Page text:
Facebook may not be the black hole of workplace productivity many consider it to be, as research conducted by Swinburne University of Technology with web security company MailGuard shows.
The research partnership between MailGuard and Dr Rajesh Vasa, a lecturer in the Faculty of Information and Communication Technologies, has revealed that the average employee spends between 30 and 60 minutes online for personal reasons each day.
Although 40 per cent of people in the sample of approximately 50,000 used Facebook in the six-month period analysed, the average time spent on the site was just a few minutes.
While other studies have drawn on consumer data and qualitative research, this is the first to scrutinise individual behaviour over an extended period.
The uses of internet for personal reasons tend to be comparatively banal: people check the news, weather and transport timetables. Sports news sites are particularly popular and online shopping is rising.
Only 20 per cent of staff were classified by the researchers as ‘heavy explorers’, exceeding a baseline of ‘normal’ that was set at 200 websites a month. It’s at this level that staff productivity is considered to deteriorate.
Dr Vasa’s primary research at the faculty focuses on the behaviour of computer programmers when they build software. He helps companies who subcontract computer work to assess whether billing is correct and if the project is being managed at the declared pace. But the methodology easily transfers to web usage.
“I study how people use tools to build software and the browser is just another piece of software. The data that we store and the maths we use for analysis are identical. It’s the same maths that economists use to detect whether people are getting richer or poorer,” Dr Vasa says.
The anonymous data, provided with the consent of client companies, tracked staff browsing habits from 2009.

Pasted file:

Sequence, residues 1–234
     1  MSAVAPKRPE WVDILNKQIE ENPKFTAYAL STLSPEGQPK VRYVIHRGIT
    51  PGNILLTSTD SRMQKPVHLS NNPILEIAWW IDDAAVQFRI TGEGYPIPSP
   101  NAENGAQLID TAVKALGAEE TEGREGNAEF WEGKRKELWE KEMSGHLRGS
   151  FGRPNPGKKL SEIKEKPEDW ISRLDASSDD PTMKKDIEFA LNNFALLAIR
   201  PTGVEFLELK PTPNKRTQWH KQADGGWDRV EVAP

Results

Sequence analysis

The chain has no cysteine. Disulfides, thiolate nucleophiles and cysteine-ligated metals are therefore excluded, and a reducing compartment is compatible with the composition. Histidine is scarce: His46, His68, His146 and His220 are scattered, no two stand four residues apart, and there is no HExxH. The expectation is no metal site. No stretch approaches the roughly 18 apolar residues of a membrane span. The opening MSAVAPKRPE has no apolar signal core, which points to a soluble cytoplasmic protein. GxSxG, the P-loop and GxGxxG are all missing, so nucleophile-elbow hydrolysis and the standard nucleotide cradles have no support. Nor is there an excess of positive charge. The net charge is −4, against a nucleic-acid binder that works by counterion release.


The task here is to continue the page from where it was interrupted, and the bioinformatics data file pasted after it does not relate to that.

MailGuard CEO Craig McDonald expects the usage patterns to continue to evolve. Twitter was used by just 2.6 per cent of individuals in January 2009, but that had grown to 17.1 per cent by year’s end.
Mr McDonald does not believe the information warrants employers tightening the screws on their staff:
“How do you harness the experiences of heavy explorers who also achieve high productivity for the benefit of the business? It’s about working smartly in the new terrain, rather than banning social media and frustrating some of your best performers because one or two employees are misusing Facebook.”
The only hole I would pick in this research is that it only looks at personal use of the Web using their employers Internet connection; it doesn’t account for people’s personal mobile Internet access, so its conceivable that people are spending more time online than is visible in the data used. However, its good to see some data (and Australian research too) that challenges the assumptions about personal use of the Web at work.
The sentiment of McDonald’s conclusions are correct too, which is what we should be talking about.
Of course, for the companies who are building businesses out social media FUD I’m sure this data won’t be seen so positively. Its a real shame they get more coverage in the media and this news barely made a ripple.